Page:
9. General safety features.
    1. The facility must have an annual inspection by the local fire marshal.
    2. The building must be kept in good repair. Electrical, heating, and cooling systems must be maintained in a safe manner. DADS may require the facility sponsor or licensee to submit evidence to this effect, consisting of a report from the fire marshal, city or county building official having jurisdiction over the location of the facility, licensed electrician, or a registered professional engineer. Use of electrical appliances, devices, and lamps must not overload circuits or cause excessive lengths of extension cords.
    3. Existing furnace and water heater installations may be continued in service, subject to approval by DADS.
    4. In a large Type B facility, all draperies and other window coverings in public or common areas, bedrooms, and living units must be flame resistant. In a large Type A facility, draperies must be flame resistant, where smoking is permitted.
    5. In an existing large facility, all new floor carpet installed in public or common spaces after DADS performs the initial inspection must be classified as Class I or II based on the "Critical Radiant Flux" ratings as required by NFPA 101, §10.2.7. The facility must provide proper documentation by the carpet manufacturer.
    6. Open flame heating devices are prohibited. All fuel burning heating devices must be vented. Working fireplaces are acceptable if of safe design and construction and if screened or otherwise enclosed.
    7. There must be at least one telephone in the facility available to both staff and residents for use in case of an emergency. Emergency telephone numbers, including fire, police, ambulance, EMS, and poison control center, must be posted conspicuously at or near the telephone.
    8. An initial pressure test of facility gas lines from the gas meter must be provided. Additional pressure tests will be required when the facility has major renovations or additions where the gas service is interrupted. All gas heating systems must be checked prior to the heating season for proper operation and safety by persons who are licensed or approved by the State of Texas to inspect the equipment. A record of the testing of the gas heating system must be maintained by the facility. The facility must correct unsatisfactory conditions promptly.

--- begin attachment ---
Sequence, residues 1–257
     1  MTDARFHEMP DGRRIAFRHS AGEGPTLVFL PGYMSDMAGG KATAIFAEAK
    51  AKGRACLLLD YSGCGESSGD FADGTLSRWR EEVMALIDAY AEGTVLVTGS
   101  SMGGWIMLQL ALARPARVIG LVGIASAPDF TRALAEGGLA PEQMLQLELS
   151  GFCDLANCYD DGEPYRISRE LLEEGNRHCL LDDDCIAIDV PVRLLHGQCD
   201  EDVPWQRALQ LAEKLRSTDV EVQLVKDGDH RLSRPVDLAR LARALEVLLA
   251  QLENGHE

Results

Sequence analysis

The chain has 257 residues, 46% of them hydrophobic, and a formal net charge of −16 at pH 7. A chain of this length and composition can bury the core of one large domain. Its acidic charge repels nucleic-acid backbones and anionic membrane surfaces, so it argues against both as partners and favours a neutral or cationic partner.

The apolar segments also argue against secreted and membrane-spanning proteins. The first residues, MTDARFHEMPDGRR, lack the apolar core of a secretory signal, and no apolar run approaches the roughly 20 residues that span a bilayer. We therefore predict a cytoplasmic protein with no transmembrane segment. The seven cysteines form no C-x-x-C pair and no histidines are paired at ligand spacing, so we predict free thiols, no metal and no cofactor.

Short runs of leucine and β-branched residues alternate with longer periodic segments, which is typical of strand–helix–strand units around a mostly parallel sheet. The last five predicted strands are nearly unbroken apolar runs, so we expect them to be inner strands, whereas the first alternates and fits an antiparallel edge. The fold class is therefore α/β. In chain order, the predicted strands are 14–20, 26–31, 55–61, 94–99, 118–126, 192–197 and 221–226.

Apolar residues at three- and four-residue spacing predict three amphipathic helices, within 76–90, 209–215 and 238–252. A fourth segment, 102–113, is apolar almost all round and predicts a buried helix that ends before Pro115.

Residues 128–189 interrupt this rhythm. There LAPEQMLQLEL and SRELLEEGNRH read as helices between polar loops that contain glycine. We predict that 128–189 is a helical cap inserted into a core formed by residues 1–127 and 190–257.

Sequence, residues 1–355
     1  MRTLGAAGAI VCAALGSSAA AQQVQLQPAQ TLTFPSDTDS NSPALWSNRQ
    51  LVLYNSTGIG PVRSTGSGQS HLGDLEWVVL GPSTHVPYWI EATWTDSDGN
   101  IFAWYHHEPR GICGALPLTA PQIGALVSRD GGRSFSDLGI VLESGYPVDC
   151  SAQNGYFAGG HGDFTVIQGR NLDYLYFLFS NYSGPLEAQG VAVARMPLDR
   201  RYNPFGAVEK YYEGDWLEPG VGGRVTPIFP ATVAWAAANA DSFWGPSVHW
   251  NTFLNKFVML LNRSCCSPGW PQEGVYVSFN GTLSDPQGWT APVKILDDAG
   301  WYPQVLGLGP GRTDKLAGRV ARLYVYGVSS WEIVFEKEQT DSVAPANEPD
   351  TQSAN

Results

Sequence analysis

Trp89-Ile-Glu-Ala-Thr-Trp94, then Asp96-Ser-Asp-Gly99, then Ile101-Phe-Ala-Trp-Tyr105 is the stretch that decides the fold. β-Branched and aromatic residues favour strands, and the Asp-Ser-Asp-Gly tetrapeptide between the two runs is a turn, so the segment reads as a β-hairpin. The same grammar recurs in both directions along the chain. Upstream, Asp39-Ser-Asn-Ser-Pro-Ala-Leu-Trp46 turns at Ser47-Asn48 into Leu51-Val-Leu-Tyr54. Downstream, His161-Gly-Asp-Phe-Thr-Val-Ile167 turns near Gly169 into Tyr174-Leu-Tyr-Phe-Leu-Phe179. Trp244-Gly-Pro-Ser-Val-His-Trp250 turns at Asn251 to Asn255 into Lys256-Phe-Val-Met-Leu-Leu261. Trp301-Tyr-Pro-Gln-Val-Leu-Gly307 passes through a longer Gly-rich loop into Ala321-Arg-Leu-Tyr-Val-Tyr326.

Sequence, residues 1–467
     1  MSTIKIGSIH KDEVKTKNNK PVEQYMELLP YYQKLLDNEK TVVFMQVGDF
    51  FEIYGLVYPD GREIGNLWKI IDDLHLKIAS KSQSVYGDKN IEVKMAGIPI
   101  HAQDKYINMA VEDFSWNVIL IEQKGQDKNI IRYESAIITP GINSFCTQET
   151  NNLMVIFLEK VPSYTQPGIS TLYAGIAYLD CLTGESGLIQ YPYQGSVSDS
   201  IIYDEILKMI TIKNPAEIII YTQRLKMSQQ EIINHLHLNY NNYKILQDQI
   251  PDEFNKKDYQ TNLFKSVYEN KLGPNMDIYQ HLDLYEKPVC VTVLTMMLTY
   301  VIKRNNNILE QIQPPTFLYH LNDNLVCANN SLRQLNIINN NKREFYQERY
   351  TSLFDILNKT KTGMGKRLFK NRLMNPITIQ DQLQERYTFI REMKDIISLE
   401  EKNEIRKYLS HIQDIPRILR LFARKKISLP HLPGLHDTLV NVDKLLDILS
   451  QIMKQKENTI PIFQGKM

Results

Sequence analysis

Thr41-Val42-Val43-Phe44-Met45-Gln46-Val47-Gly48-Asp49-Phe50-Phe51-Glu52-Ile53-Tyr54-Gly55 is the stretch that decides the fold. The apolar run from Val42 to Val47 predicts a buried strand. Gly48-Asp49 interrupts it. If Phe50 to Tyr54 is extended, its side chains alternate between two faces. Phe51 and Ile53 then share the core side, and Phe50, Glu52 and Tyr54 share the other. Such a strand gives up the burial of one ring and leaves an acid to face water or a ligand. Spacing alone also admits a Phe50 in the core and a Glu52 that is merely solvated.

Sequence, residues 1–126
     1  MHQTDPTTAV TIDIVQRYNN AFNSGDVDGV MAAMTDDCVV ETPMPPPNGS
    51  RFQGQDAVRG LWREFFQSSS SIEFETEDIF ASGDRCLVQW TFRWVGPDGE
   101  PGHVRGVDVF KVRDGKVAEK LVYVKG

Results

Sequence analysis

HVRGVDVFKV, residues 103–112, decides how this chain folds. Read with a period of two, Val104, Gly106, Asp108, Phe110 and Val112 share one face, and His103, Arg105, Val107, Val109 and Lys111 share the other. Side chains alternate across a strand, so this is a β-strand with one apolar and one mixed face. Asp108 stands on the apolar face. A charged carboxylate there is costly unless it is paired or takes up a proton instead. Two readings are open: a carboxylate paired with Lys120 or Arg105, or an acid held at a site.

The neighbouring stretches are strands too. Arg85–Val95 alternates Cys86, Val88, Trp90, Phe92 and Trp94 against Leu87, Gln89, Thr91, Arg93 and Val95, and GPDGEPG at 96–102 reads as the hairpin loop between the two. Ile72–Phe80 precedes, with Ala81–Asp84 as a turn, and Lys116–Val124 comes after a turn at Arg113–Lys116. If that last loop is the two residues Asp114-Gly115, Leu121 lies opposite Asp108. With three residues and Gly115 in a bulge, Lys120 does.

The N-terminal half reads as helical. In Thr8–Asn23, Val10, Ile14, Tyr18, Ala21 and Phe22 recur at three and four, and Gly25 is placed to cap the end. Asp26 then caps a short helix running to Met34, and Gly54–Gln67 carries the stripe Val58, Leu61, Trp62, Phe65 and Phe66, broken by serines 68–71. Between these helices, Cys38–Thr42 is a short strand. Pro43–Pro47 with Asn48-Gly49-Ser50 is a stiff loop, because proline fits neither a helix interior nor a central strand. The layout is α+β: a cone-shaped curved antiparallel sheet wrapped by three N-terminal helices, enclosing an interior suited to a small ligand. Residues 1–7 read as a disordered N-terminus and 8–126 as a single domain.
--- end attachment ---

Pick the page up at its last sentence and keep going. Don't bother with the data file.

9. Exterior and interior stairs must have handrails that are firmly secured to prevent falls.
    10. Cooling and heating must be provided for resident comfort. Air conditioning systems must be capable of maintaining the comfort ranges of 68 degrees Fahrenheit to 82 degrees Fahrenheit in resident-use areas. A facility constructed or licensed after August 1, 2004, must have a central air conditioning system, or a substantially similar air conditioning system, that is capable of maintaining a temperature suitable for resident comfort within areas used by residents. Heating, ventilating, and air conditioning (HVAC) equipment must comply with the requirements of NFPA 90A or 90B, as applicable. NFPA 90A requires automatic shut down upon activation of the fire alarm in HVAC systems of over 2,000 cubic feet per minute (cfm) capacity.
    11. The Illumination Engineering Society of North America recommendations must be followed to achieve proper illumination characteristics and lighting levels throughout the facility. Minimum illumination must be 10 footcandles in resident rooms during the day and 20 footcandles in corridors, staff stations, dining rooms, lobbies, toilets, bathing facilities, laundries, stairways and elevators during the day. Illumination requirements for these areas apply to lighting throughout the space and should be measured at approximately 30 inches above the floor anywhere in the room. Minimum illumination for medication preparation or storage areas, kitchens, and staff station desks must be 50 footcandles during the day. Illumination requirements for these areas apply to the task performed and should be measured on the tasks.
    12. All buildings three stories or higher and facilities that provide services, treatment, or social activities on floors above or below the level of discharge and house mobility impaired residents must have a passenger elevator. The lowest level of discharge will be the first floor for determining floor level.
    13. Floor, ceiling, and wall finish materials must be complete and in place to provide a sanitary and structurally safe environment.